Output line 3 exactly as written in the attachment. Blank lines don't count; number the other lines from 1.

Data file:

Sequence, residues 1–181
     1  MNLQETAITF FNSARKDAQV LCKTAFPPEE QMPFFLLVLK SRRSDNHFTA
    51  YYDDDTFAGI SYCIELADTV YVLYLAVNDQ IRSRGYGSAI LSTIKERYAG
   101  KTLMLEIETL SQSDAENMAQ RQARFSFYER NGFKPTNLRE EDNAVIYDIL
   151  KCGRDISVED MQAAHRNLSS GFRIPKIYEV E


    51  YYDDDTFAGI SYCIELADTV YVLYLAVNDQ IRSRGYGSAI LSTIKERYAG